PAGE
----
One night after the Golden State Warriors were torched by Nikola Vučević — a legitimate pick-and-pop threat who also had the touch inside to punish mismatches and smaller frontcourt defenders — it seemed like they were on the verge of getting burned by another pick-and-pop threat.
The Washington Wizards’ Kristaps Porzingis may be shooting 34.4% (1.3% below league average) on 5.4 attempts from beyond the arc this season — but leave him open enough and he will punish teams who can’t appropriately deal with him popping out after setting a ball screen.
Which was exactly the Warriors’ problem against him in the first half. Through a combination of personnel shortcomings and botched coverages, Porzingis dropped 25 points in the first half, including two threes.
One of those threes perfectly illustrated why Kevon Looney — an otherwise solid pick-and-roll defender — could not afford to play drop coverage against Porzingis:
You can see the problem when Looney has to engage the ball handler when in drop coverage. His limited footspeed doesn’t allow him to recover in timely fashion against popping ball-screeners — let alone against a popping big who is six-inches taller.
The correct coverage on these pick-and-pops must then involve some form of switching: either a direct switch at the point of the screen, or a “veerback” switch that involves the ball-handler’s defender veering back toward the popper when the ball is kicked out.
However, those are meticulous details that have to be hashed out and communicated in an effective manner. Otherwise, something like this happens:
Moses Moody chases Corey Kispert around the Wizards’ “Chicago” action (a pindown flowing into a DHO). Moody navigates the screens in an effort to stay attached to Kispert, but the kicker once again is Porzingis staying put beyond the arc instead of rolling to the rim against Looney’s drop.
The appropriate play would’ve been for Moody to veer back and switch toward Porzingis. However, Moody stays on Kispert a beat too long, forcing Donte DiVincenzo to have to come from the corner to take Porzingis. The result: two defenders go to the ball (a defensive no-no) and a swing to the corner by Porzingis nets the Wizards an open corner three.
Realizing that Looney may be too disadvantaged in drop against Porzingis, the Warriors elected to play a more mobile center in Draymond Green to account for the pick-and-pops. Green can recover and close space faster due to his quicker feet; he also has the length and wingspan to bother shots despite being 10 inches shorter than Porzingis.
Porzingis scored only seven points in the second half on 2-of-5 shooting. The Warriors keyed in on his popping tendencies by directly switching ball-screen actions and being content with him attacking mismatches by trying to mash his way toward the paint — something he has been historically uncomfortable with doing.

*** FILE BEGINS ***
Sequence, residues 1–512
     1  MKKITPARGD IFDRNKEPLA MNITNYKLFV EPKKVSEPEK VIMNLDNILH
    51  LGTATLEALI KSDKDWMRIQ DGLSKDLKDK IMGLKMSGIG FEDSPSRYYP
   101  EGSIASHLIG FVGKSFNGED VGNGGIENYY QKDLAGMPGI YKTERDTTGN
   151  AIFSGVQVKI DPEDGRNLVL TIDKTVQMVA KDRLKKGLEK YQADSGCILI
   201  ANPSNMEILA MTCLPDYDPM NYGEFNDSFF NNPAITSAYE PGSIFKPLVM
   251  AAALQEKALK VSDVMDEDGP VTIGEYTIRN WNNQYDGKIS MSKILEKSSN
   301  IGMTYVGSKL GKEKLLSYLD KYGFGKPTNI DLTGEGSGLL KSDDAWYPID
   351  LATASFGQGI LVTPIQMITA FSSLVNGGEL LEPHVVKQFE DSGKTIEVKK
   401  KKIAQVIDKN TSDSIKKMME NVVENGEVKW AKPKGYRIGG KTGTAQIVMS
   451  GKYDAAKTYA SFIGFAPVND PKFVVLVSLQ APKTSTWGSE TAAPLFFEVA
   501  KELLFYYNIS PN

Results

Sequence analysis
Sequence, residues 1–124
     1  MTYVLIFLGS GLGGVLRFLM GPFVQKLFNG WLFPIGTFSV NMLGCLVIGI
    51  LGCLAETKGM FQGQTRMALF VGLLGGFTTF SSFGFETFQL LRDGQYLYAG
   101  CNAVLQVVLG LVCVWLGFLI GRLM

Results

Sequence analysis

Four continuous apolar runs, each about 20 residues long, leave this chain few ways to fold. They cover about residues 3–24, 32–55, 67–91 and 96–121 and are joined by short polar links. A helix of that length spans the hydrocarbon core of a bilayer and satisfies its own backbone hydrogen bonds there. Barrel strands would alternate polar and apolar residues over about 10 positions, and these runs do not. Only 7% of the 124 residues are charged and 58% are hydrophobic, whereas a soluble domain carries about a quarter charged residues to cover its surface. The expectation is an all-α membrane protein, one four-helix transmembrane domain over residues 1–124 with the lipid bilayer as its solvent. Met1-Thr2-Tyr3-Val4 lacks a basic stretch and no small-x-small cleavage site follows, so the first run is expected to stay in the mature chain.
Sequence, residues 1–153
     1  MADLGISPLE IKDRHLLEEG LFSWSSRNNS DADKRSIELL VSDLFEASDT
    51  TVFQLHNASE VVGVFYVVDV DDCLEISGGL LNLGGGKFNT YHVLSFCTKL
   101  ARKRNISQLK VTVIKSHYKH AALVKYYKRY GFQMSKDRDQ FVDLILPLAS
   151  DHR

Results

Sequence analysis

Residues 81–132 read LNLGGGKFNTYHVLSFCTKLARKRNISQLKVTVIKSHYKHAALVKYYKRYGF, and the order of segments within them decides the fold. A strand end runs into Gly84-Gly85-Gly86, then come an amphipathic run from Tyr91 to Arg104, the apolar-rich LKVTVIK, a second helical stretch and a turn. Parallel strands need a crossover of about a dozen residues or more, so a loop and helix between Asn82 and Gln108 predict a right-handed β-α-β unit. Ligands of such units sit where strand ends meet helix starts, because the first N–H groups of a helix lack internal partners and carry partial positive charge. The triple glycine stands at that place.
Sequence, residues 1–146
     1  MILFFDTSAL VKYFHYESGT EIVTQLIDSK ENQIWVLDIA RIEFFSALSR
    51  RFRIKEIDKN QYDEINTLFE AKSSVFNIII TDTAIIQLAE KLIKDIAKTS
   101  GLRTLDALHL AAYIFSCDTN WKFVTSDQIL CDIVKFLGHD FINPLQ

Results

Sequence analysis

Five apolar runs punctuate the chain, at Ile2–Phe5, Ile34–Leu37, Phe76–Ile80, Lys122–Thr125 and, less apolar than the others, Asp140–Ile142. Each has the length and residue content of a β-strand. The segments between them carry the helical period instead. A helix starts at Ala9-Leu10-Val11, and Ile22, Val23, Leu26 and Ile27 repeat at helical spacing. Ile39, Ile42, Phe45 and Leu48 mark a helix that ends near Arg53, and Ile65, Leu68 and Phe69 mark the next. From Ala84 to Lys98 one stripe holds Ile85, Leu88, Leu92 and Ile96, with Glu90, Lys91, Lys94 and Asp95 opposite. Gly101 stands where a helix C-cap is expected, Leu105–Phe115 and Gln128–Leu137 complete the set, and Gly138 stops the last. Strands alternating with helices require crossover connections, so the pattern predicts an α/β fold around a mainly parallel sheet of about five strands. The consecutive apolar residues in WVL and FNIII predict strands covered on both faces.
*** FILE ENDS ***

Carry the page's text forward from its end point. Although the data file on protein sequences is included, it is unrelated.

Meanwhile, the Warriors found pockets of success against Porzingis on the other end by directly involving him in screening actions. Their staple “Thumb Out” set in which an angle ball-screen is followed by “Get” action (a pitch to a teammate on the other side followed by a handoff) is quick hitting and effective in forcing Porzingis to directly engage Jordan Poole, who hits a smooth mid-range jumper against Porzingis’ drop:
A bit of screen-the-screener ingenuity also threw Porzingis around for a loop:
Anthony Lamb (being guarded by Porzingis) sets an off-ball screen for Green (guarded by Kyle Kuzma). Kuzma switches while Porzingis is late to realize the coverage. He scrambles desperately to contest Curry around the “Get” action.
Curry may have missed the shot, but Porzingis being drawn out toward the perimeter and away from the rim allowed Green to haul in the offensive board, leading to a huge Poole three.
The Warriors also brought Porzingis directly into ball-screen action to force him to defend in space:
This forced the Wizards’ hand; they stashed Porzingis onto Andrew Wiggins to prevent him from being directly involved, while also allowing him to be a roamer and helper on defense.
Suffice to say, Porzingis was a non-presence as a roamer. The Warriors proceeded to put pressure on the other Wizards on the floor through a couple of guard-guard screening actions centered around Curry and Poole, forcing the Wizards to make quickfire decisions.
If wrong decisions were made, the Warriors made sure to punish them:
To add insult to injury, Green — incited by a trash-talking fan who apparently questioned his Hall-of-Fame status — stole a telegraphed inbounds pass to Porzingis and created points off of a turnover that sealed the deal:
A Curry breakthrough in form (41 points on 28 shots, 6-of-15 on threes, 61.6 TS%), Poole providing much-needed scoring support (32 points on 20 shots, 7-of-13 on threes, 78.3 TS%) in the absence of Klay Thompson, and Green (17 points, six rebounds, 10 assists) making plays on both ends of the floor like a man possessed all contributed to a night that did not seem to be going the Warriors’ way.
But it was in the minute details — pick-and-roll coverages, personnel shifts, and other tactical adjustments — where the Warriors were able to provide pathways for their brightest stars to shine.